December 21, 2009, Updated September 13, 2012

When an epidemic hit Israel’s tomato industry, a netting expert came up with a solution to protect the crops from insect pests, inadvertently creating a new multi-million dollar industry.



When a virus carried by the whitefly almost destroyed Israel’s tomato crop, Meteor developed an innovative new anti-insect net to keep the bugs out.

Meet Avi Klayman. He’s the man who saved Israel’s tomato crop and in the process stumbled onto a multi-million dollar industry that is now creating a green revolution in agriculture. Thanks to his invention – an innovative anti-insect netting – far fewer bugs are making their way into the vegetables we eat, enabling us to enjoy fresh, wholesome produce that is nearly pesticide-free.

Vegetable greenhouse netting may not be as “sexy” a high-tech innovation as, say, the invention of instant messaging (also credited to Israel, via ICQ), but the nets created by Klayman’s company, Meteor Agricultural Nets – which are patented in Israel and around the world – are just as revolutionary.

It all began in 1988 when much of Israel’s tomato crop was lost to yellow curl virus, a destructive disease carried by whitefly that attacks the DNA of plants, causing them to shrivel up and die.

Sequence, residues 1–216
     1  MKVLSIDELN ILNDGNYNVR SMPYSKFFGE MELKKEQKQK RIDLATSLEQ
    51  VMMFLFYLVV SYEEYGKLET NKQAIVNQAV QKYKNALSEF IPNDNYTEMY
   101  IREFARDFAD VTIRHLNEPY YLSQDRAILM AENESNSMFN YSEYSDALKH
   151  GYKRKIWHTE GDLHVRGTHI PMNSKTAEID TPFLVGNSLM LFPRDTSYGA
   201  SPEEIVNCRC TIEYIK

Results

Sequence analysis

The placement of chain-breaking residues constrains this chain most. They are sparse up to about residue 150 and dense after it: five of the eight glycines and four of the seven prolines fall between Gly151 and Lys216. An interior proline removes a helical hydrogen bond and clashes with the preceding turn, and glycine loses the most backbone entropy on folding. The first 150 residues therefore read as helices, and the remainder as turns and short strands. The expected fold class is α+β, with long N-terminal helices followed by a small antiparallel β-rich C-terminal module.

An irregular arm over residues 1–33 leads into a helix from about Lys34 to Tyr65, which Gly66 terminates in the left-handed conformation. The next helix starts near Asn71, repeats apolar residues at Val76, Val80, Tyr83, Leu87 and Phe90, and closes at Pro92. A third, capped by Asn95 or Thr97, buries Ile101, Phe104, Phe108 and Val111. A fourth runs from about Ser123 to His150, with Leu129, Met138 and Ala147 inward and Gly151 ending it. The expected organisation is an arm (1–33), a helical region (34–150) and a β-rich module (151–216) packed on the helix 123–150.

Whiteflies are extremely difficult to control and quickly build up resistance to pesticides. Farmers were spraying their crops three times a day – to no avail, it turned out – as the whiteflies infested almost the entire tomato crop, causing a yellow curl epidemic.

Desperate farmers began to examine alternatives, among them the possibility of covering crops to prevent infestation. Following consultations with scientists at Israel’s Agricultural Research Organization (also known as the Volcani Institute) Klayman developed a solution – a mesh called the Antivirus Net that blocks the whitefly’s physical access to plants, while allowing sunshine in and enabling air circulation.

Mesh nets stymie pests

The Antivirus net seems like a simple idea, but determining just the right balance – holes that are small enough to prevent insects from entering, but are big enough to ensure that the right amount of sunshine and air can get in – involved a great deal of research. Oddly, says Klayman, very little work had been done in the area before 1988, probably because farmers were still enamored of pesticides, which they had always used.

“When the first pesticides came out in the 1920s and 1930s, farmers had great success in keeping bugs out of their crops,” Klayman relates. “But as time went on, the bugs developed resistance to the standard pesticides, so more powerful ones were needed. By the late ’80s, it was clear that a different approach was needed.”

In the early 1990s, says Klayman, the most common agricultural pest in the world, the Tobacco (Silverleaf) Whitefly, was responsible for billions of dollars of damage to US agriculture. In 1991 alone the industry lost over a half billion dollars.

The Antivirus net took the farming community in Israel and the rest of the world by storm, and orders poured in from many countries.